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Stem Cells Straight from the Source Prove Therapeutically Relevant for MS

Adult stem cell therapies usually rely on extraction, purification, expansion and then re-infusion/re-implantation, with each stage entailing their own specific risks and disadvantages. Adipose-derived stem cells (ASCs) are a therapeutically important cell type taken from the stromal vascular fraction (SVF) made up of numerous cell types: vascular smooth muscle cells, fibroblasts, mast cells, macrophages, lymphocytes, endothelial cells, preadipocytes, as well as ASCs (see paper for extensive references). Both ASCs and SVF cells have been used to treat a range of diseases (Tran and Kahn, and Weisberg et al) and herein Semin et al describe their work comparing ASCs and SVF cells in an experimental model of Multiple sclerosis (MS) (Racke) - an autoimmune disease characterized mainly by inflammatory demyelinating lesions and loss of motor function. The researchers, from the laboratory of Bruce A. Bunnell at the Tulane University School of Medicine, New Orleans, Louisiana, USA, now report in Stem Cells Translational Medicine that while both ASCs and SVF cells effectively inhibited disease severity with a reduction in tissue damage, inflammation, SVF cells proved to be statistically more effective.

Semin et al first extracted SVF cells with a viability of 89%-94% from the adipose tissue of 2–6-month old male mice. These cells included committed adipocyte progenitors (26.26%) and ASCs (21.38%) with an additional 24.31% leukocyte cells, 7.98% hematopoietic stem cell-like cells, and 4.20% T-cells. ASCs from this fraction were CD29+Sca-1+CD106+ and CD31-CD11b-CD45- and were able to undergo adipogenic and osteogenic lineage differentiation. Using myelin oligodendrocyte glycoprotein induced experimental autoimmune encephalomyelitis (EAE) in C57Bl/6J mice as a model system for MS, the authors demonstrated that intraperitoneal injection of only SVF cells halted disease progression when compared with controls treated with a vehicle alone. Normal disease development exhibits first clinical signs at 9 days and hind limb paralysis at 14 days; however ASCs delayed clinical signs only slightly (9.3 days), whereas SVF cell treated mice displayed disease onset at 14 days. Excitingly, only 3 of the 12 mice treated with SVF cells showed any clinical signs at all, indicating that SVF cells have a very potent neuroprotective effect. Analysis of pathological features through examination of spinal cord found reduced demyelination and reduced levels of myelin breakdown products and debris in both ASC and SVF treated mice. Furthermore infiltrating cells were significantly decreased compared to control. Finally sera levels of interleukin-12 (IL-12), and interferon-γ (IFN-γ), cytokines that play a central role in the pathology of MS (Chen et al and Reynolds et al) were analysed and found to be reduced similarly in both ASC and SVF cell injection although Tumor necrosis factor-α (TNFα) levels were unchanged.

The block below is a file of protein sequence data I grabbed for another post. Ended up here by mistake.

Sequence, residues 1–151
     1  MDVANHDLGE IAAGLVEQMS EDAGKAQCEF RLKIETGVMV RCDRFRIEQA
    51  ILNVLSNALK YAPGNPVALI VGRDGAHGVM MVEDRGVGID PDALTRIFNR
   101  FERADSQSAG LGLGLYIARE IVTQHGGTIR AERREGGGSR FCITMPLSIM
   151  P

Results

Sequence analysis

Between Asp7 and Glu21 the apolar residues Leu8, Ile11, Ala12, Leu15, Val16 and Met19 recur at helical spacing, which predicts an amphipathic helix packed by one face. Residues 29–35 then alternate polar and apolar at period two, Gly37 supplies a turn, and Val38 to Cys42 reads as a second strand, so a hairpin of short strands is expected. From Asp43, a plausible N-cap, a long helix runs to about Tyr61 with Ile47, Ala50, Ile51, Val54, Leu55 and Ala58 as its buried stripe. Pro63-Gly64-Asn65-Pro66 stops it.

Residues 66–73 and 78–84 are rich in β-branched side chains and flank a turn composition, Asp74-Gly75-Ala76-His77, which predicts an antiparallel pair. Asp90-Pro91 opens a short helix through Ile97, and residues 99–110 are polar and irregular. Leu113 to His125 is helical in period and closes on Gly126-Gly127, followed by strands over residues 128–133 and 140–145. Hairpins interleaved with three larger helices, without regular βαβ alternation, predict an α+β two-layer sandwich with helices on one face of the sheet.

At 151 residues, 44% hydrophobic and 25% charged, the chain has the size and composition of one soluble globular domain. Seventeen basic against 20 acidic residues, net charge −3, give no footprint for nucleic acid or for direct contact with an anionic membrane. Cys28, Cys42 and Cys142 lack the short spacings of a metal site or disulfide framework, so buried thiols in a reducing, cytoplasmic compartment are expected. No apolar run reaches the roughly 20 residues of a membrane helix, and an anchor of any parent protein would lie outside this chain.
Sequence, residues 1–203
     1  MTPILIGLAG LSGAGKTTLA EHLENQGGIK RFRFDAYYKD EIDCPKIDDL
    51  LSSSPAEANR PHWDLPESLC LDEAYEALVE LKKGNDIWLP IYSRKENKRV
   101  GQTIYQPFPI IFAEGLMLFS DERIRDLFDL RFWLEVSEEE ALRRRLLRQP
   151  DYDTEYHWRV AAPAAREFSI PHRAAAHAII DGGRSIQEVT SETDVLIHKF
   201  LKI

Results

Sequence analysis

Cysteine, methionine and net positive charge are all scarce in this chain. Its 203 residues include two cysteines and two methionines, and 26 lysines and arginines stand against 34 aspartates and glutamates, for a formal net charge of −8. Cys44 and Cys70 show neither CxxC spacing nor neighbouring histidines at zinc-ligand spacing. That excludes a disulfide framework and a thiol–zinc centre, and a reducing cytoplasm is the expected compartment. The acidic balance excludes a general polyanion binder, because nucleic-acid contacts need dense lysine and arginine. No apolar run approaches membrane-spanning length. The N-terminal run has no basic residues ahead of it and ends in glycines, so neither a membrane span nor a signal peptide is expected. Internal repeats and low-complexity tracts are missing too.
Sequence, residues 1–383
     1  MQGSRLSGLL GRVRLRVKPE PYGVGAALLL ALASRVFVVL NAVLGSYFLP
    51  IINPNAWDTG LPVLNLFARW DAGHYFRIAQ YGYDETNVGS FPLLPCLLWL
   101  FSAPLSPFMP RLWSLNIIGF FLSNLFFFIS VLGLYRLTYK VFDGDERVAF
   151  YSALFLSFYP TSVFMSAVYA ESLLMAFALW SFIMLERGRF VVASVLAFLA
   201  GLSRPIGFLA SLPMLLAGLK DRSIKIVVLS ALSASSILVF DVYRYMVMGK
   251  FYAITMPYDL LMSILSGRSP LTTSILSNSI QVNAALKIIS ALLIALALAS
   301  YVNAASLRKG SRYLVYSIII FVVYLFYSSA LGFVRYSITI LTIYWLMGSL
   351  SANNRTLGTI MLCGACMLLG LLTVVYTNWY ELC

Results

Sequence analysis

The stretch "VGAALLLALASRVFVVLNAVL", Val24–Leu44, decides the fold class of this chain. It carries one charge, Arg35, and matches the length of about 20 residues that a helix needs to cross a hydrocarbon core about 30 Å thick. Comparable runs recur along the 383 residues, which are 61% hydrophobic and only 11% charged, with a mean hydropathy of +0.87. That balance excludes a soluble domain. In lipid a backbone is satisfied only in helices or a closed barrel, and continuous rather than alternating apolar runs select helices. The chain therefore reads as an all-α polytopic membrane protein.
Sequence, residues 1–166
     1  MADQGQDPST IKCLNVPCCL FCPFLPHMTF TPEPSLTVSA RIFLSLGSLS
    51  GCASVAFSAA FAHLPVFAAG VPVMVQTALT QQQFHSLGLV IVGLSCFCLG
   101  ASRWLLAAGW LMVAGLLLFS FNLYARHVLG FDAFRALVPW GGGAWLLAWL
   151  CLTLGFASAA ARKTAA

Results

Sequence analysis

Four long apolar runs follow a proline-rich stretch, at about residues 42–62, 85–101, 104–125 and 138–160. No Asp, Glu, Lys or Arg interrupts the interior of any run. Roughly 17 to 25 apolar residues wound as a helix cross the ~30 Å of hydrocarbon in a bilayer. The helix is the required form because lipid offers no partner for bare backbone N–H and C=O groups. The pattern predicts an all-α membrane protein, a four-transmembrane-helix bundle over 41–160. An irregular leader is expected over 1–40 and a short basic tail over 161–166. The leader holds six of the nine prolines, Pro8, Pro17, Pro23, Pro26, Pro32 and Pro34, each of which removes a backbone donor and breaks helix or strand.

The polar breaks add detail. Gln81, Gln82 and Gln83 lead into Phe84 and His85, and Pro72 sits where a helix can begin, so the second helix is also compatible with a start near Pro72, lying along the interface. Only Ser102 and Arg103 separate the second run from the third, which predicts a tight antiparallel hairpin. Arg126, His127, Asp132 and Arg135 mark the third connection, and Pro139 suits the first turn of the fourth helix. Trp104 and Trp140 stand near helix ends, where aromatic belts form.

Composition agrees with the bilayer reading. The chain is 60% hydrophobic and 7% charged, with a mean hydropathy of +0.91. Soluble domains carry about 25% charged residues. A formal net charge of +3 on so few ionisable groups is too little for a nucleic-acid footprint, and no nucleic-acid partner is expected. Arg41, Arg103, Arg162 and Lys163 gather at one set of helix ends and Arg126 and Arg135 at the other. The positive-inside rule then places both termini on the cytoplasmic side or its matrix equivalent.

While the authors do note that more work is still required to better understand the exact mechanisms behind the enhanced therapeutic function of total SVF cell over ASCs, they have demonstrated that SVF cells have many advantages over ASCs: they do not require ex vivo expansion, they are easy to attain, and they reduce disease progression and pathology, and so may represent a valuable therapeutic tool for MS treatment and potentially other diseases/disorders.

Chen SJ et al. (2012)
Current status of the immunomodulation and immunomediated therapeutic strategies for multiple sclerosis.
Clin Dev Immunol 2012:970789

Racke MK (2001)
Experimental autoimmune encephalomyelitis (EAE) Curr Protoc Neurosci, Chapter 9:Unit 9.7

Reynolds JM et al. (2012)
Toll-like receptor 4 signaling in T cells promotes autoimmune inflammation.
Proc Natl Acad Sci USA 109:13064–13069

Tran TT, Kahn CR (2010)
Transplantation of adipose tissue and stem cells: Role in metabolism and disease.
Nat Rev Endocrinol 6:195–213

Weisberg SP et al. (2003)
Obesity is associated with macrophage accumulation in adipose tissue.
J Clin Invest 112:1796–1808

Stem Cells Correspondent Stuart P Atkinson reports on those studies appearing in current journals that are destined to make an impact on stem cell research and clinical studies.